Ed. Note: The brilliant Elizabeth L. Smith is back with the fourth chapter of our summer fiction. She is such an extraordinary writer, I’m constantly in awe. And, I’m so touched that she wrote this romantic saga — taking place in Paris of course — just for us. If you missed the first three episodes, please click here, here and here.
ELIZABETH L. SMITH
ELIZABETH L. SMITH
“You look wonderful,” Alexis smiled broadly. “Thank you so much for coming. Really. It was so very kind of you.”
“You said that Annouk was in some kind of trouble. I lost touch with her so long ago, I don’t really know how I can help you.”
He brought a finger up to his mouth. “All in good time, I want to catch up with you. Tell me your news. I found you in the internet of miracles. You were speaking at a conference of head teachers.” “Tu sais, even one of them is enough to make me afraid. School was always like a prison for me,” he shivered theatrically.
Caroline laughed. “We’re not such an awful breed. I love my job, even though it’s the last thing I ever thought I’d end up doing. I run a little independent school in the north of England and my girls are just wonderful. It’s great sending them home at the end of every term, too,” she added, only half-joking.
“Do you have children of your own?”
“No.” The answer was short. She tried hard not to imagine how her life had been if she’d had a baby. The chance had been hers once, many years ago and had slipped through her fingers before she really grasped what was happening. And now she moulded and guided other women’s girls, and a damn good job she did of it too.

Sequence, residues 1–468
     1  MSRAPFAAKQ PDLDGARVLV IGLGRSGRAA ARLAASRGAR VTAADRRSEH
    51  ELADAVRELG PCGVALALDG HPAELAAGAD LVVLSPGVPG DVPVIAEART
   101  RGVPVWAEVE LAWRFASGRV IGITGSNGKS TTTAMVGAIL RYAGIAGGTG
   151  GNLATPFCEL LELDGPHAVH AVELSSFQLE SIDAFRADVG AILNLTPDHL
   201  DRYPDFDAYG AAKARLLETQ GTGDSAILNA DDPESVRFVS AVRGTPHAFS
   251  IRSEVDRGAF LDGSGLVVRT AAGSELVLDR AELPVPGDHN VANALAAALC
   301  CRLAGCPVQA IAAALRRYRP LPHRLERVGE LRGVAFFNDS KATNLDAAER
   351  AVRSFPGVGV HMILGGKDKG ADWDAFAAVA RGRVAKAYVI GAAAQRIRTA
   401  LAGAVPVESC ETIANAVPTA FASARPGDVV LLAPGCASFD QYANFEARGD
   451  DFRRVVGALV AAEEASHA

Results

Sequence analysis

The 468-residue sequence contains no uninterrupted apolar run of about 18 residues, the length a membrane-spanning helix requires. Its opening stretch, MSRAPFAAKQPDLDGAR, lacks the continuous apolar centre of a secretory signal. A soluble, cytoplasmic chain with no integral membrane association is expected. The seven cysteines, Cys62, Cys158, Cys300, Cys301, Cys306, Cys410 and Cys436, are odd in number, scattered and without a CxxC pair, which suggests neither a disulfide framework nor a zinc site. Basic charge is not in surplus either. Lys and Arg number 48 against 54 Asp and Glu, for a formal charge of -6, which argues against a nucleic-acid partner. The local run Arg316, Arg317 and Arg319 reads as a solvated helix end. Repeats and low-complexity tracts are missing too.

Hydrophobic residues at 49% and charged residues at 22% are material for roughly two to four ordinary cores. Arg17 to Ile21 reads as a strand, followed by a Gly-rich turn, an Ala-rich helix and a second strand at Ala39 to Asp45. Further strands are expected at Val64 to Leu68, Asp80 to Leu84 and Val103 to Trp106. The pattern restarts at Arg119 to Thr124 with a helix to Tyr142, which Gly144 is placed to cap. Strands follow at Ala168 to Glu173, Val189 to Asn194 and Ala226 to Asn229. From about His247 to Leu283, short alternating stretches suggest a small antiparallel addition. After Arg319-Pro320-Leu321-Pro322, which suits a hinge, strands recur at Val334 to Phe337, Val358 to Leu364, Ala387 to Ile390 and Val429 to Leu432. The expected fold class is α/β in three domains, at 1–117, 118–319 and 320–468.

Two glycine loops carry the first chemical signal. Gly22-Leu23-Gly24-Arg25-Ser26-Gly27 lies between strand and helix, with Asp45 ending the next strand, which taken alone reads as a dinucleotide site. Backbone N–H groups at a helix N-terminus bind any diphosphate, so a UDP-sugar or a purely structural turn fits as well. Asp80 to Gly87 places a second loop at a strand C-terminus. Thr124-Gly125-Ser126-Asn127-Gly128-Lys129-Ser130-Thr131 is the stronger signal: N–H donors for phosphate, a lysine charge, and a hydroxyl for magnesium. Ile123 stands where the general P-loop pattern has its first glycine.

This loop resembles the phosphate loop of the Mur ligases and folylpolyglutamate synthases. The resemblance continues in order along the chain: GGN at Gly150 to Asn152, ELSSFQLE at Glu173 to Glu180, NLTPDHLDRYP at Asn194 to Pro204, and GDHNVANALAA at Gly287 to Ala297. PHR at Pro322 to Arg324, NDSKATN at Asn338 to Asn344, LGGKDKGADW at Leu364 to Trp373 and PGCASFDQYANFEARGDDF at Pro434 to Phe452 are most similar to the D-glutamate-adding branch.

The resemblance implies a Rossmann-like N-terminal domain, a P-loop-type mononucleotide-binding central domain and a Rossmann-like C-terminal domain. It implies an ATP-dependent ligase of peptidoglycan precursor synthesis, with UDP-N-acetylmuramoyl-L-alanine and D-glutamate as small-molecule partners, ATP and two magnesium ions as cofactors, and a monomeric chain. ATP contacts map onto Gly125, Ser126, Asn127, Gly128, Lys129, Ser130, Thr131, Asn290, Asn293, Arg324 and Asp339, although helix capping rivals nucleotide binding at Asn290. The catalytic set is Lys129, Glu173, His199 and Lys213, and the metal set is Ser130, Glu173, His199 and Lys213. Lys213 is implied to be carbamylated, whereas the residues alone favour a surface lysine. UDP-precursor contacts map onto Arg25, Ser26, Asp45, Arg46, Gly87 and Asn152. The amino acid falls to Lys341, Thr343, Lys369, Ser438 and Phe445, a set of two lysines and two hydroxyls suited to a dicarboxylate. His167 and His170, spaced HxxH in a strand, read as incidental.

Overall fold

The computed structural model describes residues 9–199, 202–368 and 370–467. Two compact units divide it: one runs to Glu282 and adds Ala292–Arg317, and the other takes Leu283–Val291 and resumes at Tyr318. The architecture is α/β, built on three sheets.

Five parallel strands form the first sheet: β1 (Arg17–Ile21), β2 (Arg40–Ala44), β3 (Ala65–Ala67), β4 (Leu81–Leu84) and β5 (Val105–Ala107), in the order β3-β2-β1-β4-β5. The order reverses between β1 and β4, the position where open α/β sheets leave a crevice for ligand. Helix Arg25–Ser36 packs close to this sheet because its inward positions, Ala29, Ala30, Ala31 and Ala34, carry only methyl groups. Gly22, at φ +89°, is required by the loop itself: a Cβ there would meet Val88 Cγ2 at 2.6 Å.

“A husband?” She though of Hugh, his ruddy, craggy face and baggy old cords, a million miles from the polished cosmopolitan man who twinkled at her over the glass table.
“Yes. A farmer. Well, a landowner really, he manages his family estate in
Northumberland. Where we live.” God, she was babbling. And what was all that showing off about? How gauche she felt, wittering on about Hugh. Lovely, kind Hugh, who thought Bath Olivers the height of sophistication, and who assumed that Alexis was a woman.
The email had read Hi, it’s Alexis, do you remember me? You said you would come if I asked you. I need your help with Annouk, she’s in trouble. If you can come, I am in the Paris office all week.
When she had shown Hugh, he insisted she went.
“You could fly from Newcastle, catch up with your girlfriends, why not? Lend a hand, eh? Nice to do a bit of shopping too, have some macaroons,” he added vaguely. He’d clearly been reading the Sunday Times Style section in the loo.
So she had come, without correcting his mistake, and she still didn’t know what on earth was going on.
Reading her mind, Alexis rose elegantly to his feet.
“Come, let me buy you a good French lunch and tell you all about our dear Annouk. It’s always good to have some pleasure along with the business, n’est-ce pas?”